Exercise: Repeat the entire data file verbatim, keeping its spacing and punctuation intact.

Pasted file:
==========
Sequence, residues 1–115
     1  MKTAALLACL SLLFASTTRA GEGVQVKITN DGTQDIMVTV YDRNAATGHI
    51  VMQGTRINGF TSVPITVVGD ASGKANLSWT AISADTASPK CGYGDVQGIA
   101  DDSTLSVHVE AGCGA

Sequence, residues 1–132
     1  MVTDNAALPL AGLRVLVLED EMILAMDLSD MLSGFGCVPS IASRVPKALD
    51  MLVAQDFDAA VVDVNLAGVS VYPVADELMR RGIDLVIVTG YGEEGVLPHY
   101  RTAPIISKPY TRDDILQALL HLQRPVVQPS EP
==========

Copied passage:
Sequence, residues 1–115
     1  MKTAALLACL SLLFASTTRA GEGVQVKITN DGTQDIMVTV YDRNAATGHI
    51  VMQGTRINGF TSVPITVVGD ASGKANLSWT AISADTASPK CGYGDVQGIA
   101  DDSTLSVHVE AGCGA

Sequence, residues 1–132
     1  MVTDNAALPL AGLRVLVLED EMILAMDLSD MLSGFGCVPS IASRVPKALD
    51  MLVAQDFDAA VVDVNLAGVS VYPVADELMR RGIDLVIVTG YGEEGVLPHY
   101  RTAPIISKPY TRDDILQALL HLQRPVVQPS EP